According to the LCCS, many people were injured and many homes destroyed when the regime resumed shelling of Madaya earlier. There is also a report that many of the soldiers executing the shelling defected and entered the city.
This video shows a large protest at a funeral in Zabadani. Another video is taken from the street level:
Twenty (20) martyrs in Syria today so far, including four women; seven martyrs (7) in Hama, five (5) martyrs in Damascus Suburbs, five (5) martyrs in Idlib, two (2) martyrs in Homs and one (1) martyr in Deir Ezzor.
1311 GMT: An international group of officials meeting at the Arab summit in Baghdad have agreed on a draft resolution that will call for a peaceful end to the crisis in Syria.
The draft resolution, a copy of which was obtained by AFP, urged the "Syrian government and all opposition factions to deal positively with the [UN-Arab League] envoy [Kofi Annan] by starting serious national dialogue."
Talks should be based on an Arab League plan "and the decision of the UN General Assembly," it said.
The draft resolution also calls on the Syrian opposition "to unify its ranks and prepare ... to enter into serious dialogue [with the regime] to achieve the democratic life which is demanded by the Syrian people."
"The Syrian government should immediately stop all actions of violence and killing, protect Syrian civilians and guarantee the freedom of peaceful demonstrations for achieving demands of the Syrian people," said the text.
1302 GMT: One of the first things to look for would be the actions of the Assad military forces to see if there is a de-escalation or withdrawal. While this news likely occurred before the formal announcement of a peace plan, Guardian posts a video of an Assad helicopter firing rockets at the ground in A'zaz, north of Aleppo. Also, they are reporting that Syrian troops have crossed into Lebanon:
Syrian troops have advanced into north Lebanon, destroying farm buildings and clashing with Syrian rebels who had taken refuge there, residents told Reuters.
Abu Ahmed, 63, from the rural mountain area of al-Qaa, said:
"More than 35 Syrian soldiers came across the border and started to destroy houses."
Another resident said that the soldiers, some travelling in armoured personnel vehicles, fired rocket-propelled grenades and exchanged heavy machinegun fire with rebels.
Lebanese officials have said that the fighting was in Syria, and that only bullets have crossed the border.
1248 GMT: And now we have our first glimpse at problem two - will the opposition take Assad seriously. The Associated Press has spoken to a member of the Syrian National Council who suggests that the formal opposition will accept the plan:
A Paris-based member of the opposition Syrian National Council said it welcomes the Syrian government's decision.
"We hope that we can move toward a peace process," Bassma Kodmani said by telephone.
But the AP has also spoken to Rami al Jarrah, a prominent opposition figure:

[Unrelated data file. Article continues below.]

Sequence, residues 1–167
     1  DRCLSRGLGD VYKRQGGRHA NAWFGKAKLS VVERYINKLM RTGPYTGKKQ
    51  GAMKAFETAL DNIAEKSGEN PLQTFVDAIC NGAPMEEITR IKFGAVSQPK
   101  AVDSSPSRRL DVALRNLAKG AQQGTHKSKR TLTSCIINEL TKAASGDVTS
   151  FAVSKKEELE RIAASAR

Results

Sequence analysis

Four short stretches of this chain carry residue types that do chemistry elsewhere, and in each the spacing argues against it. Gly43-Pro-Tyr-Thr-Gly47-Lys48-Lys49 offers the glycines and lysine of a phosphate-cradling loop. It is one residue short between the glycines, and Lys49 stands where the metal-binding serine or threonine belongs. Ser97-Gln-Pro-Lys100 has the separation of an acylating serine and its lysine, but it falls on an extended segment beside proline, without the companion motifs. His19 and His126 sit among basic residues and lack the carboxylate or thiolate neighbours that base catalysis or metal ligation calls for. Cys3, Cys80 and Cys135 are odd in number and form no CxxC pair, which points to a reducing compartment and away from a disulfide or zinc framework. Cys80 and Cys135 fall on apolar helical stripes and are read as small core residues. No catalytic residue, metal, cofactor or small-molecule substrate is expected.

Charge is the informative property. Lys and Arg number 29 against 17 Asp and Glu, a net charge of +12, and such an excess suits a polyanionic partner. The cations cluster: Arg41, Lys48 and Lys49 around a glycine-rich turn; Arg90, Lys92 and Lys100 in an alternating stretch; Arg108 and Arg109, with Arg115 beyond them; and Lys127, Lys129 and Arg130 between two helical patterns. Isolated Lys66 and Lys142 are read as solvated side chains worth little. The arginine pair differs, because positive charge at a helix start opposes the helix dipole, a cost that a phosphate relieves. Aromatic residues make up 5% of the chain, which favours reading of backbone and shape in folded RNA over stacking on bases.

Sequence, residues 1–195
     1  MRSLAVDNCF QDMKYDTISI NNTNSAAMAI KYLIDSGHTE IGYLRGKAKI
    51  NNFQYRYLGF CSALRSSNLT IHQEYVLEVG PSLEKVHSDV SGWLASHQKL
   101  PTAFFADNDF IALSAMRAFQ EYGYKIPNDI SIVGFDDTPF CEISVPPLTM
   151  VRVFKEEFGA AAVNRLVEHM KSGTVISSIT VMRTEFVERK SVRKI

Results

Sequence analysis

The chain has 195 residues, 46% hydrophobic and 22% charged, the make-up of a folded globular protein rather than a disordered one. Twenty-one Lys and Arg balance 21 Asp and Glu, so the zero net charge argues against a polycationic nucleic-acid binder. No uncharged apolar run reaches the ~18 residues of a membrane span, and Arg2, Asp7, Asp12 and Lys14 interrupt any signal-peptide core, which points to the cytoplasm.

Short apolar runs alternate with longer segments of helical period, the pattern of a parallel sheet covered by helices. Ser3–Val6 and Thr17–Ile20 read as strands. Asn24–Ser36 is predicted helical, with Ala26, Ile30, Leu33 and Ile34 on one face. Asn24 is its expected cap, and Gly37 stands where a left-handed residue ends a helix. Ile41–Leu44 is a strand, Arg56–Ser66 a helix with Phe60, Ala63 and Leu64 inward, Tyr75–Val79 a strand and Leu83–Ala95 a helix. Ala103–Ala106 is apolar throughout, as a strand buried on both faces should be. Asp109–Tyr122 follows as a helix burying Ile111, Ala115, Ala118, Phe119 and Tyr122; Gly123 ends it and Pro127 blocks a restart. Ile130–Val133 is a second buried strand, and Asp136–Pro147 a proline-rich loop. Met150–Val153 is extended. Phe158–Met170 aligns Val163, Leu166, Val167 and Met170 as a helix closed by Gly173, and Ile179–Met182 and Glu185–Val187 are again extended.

Rami Jarah, who was attending an opposition meeting Tuesday in Turkey, said President Bashar Assad is trying to stall for time.
"The Syrian government is going to depend on propaganda as it has over the past few months - propaganda of armed terrorists," he said. The government denies that there is a popular uprising in the country, saying the revolt is being driven by terrorists.
And upon news that Assad was in Baba Amr, we've already received Tweets like this one:
@JMiller_EA the place is haunted with the souls of those he killed. Like his thugs he's there to dance on the remains of victims.— اجاك الدور يا دكتور (@LeaveSyriaNow) March 27, 2012
So what happens if the protests continue? What happens if the armed opposition does not stop all attacks nationwide?
1236 GMT: Syrian President has timed the announcement of a peace plan with a visit to the most embattled area of Homs, Baba Amr, according to Syrian State TV. Here is the first video we've seen, Tweeted by an activist:
1225 GMT: The Guardian details 6 steps that Bashar al Assad and Kofi Annan have agreed to in the UN peace plan:
1) commit to work with the envoy [Annan] in an inclusive Syrian-led political process to address the legitimate aspirations and concerns of the Syrian people;
2) commit to stop the fighting
3) ensure timely provision of humanitarian assistance to all areas affected by the fighting
4) intensify the pace and scale of release of arbitrarily detained persons
5) ensure freedom of movement throughout the country for journalists and a non-discriminatory visa policy for them
6) respect freedom of association and the right to demonstrate peacefully as legally guaranteed.
Basically, if all of these reforms were promptly implemented, and if elections were freely held as promised, this could possibly end this crisis.
There is just one problem - we've heard this all before. Assad agreed to an Arab League plan to withdraw troops from the cities of Syria, but on the same day his forces launched an intensified offensive and he claimed he was not battling the opposition but fighting terrorists. Before this, Assad lifted the emergency laws that had been in place for decades, but immediately fired on protesters who remained in the streets.